I've posted about npcs several times before but I wanted to zoom in on a particular type that I haven't handled very well in the past: the npc that helps players figure out magic items. If you imagine a game world stripped down to having only one npc, it would probably be one of these.
I can imagine a game that doesn't require figuring out what rings do or how wands work, for example, because players are told immediately upon finding them. The point of the items is for them to feel like rewards, to allow for new abilities, and to provide some fun toys, after all, so why not just streamline towards those ends.
And yet, there is some mystery lost by doing that and some possible fun, tense situations are lost where players have to experiment with potentially dangerous items. So, the compromise is to have a way for low level players to find these things out if they go back to town. Traditionally I've used cantankerous and greedy npcs to do this, but that gets annoying for players fast. And charging too much eats into the idea of the items as rewards (especially keeping in mind that some of these might be single-use).
Another thing to keep in mind is that I'm a ham and like to roleplay a bit to try and make my players laugh. So I want to allow for that without being too annoying. So here is my idea of a new way I might handle this with three different Knowledge NPCs. All of these would be free of charge to talk with, but have some downsides.
"Have I ever told you about the time I . . .?"
Upside: The veteran will tell some ridiculous story that actually has good tactical gaming advice embedded in it. Ever wonder how to teach new players what to do with a potion of diminution or a wand of mineral detection, this old soul can tell them a specific example involving an amusing anecdote.
Downside: The veteran has a poor memory so activation words or potion tastes might be slightly off. For example, he knows a common wand activation word is "something like loose, or lute" when it is actually "luz." The players will have to experiment a bit, but should be able get the right answer without too much trouble.
"Ah, the lay of Phineas mentions such an item, let me sing it for you . . ."
Upside: Get your DM singing and rhyming fun here. A bard type or maybe just a village gossip, this person can help players understand the range of possible items. So, what are the most common ring types in your world? They might reveal a few common types each time. This can help players know what they might want to find or later make themselves.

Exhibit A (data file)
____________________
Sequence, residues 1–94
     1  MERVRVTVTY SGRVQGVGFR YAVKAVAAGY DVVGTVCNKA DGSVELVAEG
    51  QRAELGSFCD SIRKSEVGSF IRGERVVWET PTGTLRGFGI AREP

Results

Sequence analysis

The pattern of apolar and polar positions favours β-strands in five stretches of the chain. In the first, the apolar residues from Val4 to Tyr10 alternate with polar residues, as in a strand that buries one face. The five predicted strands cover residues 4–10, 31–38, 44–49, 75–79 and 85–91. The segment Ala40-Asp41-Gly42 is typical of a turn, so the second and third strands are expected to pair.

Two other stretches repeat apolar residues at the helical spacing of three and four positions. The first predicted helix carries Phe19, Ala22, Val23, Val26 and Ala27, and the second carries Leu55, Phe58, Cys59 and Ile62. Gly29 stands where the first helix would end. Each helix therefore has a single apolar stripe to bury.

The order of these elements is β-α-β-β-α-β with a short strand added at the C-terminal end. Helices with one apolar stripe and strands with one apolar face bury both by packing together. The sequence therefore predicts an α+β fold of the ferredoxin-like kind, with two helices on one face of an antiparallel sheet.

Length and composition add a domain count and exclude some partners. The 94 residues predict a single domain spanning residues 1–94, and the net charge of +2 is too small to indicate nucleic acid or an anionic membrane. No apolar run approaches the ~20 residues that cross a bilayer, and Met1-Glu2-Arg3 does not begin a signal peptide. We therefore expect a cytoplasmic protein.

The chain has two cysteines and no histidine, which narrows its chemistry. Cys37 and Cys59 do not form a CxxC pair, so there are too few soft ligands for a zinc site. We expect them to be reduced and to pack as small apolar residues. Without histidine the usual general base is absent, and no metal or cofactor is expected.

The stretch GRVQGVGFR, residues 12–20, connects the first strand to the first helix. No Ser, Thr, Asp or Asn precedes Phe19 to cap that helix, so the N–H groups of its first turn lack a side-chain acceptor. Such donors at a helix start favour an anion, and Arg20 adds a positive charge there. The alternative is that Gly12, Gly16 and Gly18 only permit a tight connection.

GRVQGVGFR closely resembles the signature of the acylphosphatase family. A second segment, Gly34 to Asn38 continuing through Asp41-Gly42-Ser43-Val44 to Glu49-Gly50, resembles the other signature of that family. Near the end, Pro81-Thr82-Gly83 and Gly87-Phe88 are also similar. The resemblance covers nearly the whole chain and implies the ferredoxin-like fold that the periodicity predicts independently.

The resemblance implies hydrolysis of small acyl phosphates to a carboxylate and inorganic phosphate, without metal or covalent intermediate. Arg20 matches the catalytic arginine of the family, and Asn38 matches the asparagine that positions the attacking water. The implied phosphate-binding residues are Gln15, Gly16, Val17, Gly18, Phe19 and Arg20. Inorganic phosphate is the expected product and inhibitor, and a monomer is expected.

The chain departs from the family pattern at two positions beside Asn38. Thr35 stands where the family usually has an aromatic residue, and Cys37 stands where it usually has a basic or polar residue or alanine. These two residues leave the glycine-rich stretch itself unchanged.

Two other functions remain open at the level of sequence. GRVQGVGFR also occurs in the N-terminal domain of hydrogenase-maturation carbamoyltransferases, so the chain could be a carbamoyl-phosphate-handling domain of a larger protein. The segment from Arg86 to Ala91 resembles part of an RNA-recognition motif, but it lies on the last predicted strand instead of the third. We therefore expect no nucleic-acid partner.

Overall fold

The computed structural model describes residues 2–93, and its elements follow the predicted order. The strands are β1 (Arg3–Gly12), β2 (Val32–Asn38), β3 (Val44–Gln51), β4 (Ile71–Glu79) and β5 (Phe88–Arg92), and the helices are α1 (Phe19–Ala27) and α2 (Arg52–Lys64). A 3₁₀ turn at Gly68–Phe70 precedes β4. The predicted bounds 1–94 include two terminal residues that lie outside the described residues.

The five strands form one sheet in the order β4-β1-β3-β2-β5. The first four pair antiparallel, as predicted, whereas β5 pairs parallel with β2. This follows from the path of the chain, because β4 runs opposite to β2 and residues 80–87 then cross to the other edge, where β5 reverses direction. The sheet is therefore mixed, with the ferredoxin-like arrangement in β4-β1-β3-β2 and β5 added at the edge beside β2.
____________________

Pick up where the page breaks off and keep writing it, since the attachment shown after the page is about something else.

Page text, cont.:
Downside: Not every story you hear is true. The storyteller will give the truth + some ridiculous baggage. For example, "The wand's activation word is "Luz" but beware, for every time you use it you will shrink 3 inches." The idea is to make the players a little hesitant. The false part can't be too scary though, or they will never want to use it.
"Where exactly did you find this again? I have the memoirs of Helen the Bald in which she describes exactly how she made that item . . . and an indication of her heir."
Upside: The scholar has original sources, or photographic memory of triple-checked accounts and can give you three possible activation words and a recipe for making the device yourself.
Downside: The scholar wants to know where you found this, when, who was involved, all the details. This is a way that any player tomb robbing shenanigans (or thinly veiled lies about such) might spread. It could be a way that rival adventure parties or disgruntled heirs get on the trail of the party. But mostly it will create a bit of worry by implying to players that those are definite possibilities. Also,I think it could still be fun to have a little experimentation involved to discover the actual knowledge. For example, "Helen made three wands of this type, one was said to activate by speaking the word 'Luz,' one with 'Beleuchten,' and one with 'Nur.' With the actual word for this wand being "Luz," but if similar wands are found in the future, the players can try the other two without even consulting the Scholar again.
So, one of these might be more helpful for particular items, for characters of particular level, or even for DMs of different proclivity. One thing you might do is have each of them available nearby and let players alternate and discover the weaknesses of each type. Another idea is, once players are familiar with the npcs throw in a complication, for example the Scholar acts like a Veteran when thoroughly drunk.
But, I'd love to hear details about how you handle this part of DMing in your campaign
I love NPC types like these, nice work :DReplyDelete
Awesome post! One famous quote comes to mind ... "Stay a while and listen." This is exactly the post I was hoping for when I read the title. Thanks!ReplyDelete
Thanks to both of you.ReplyDelete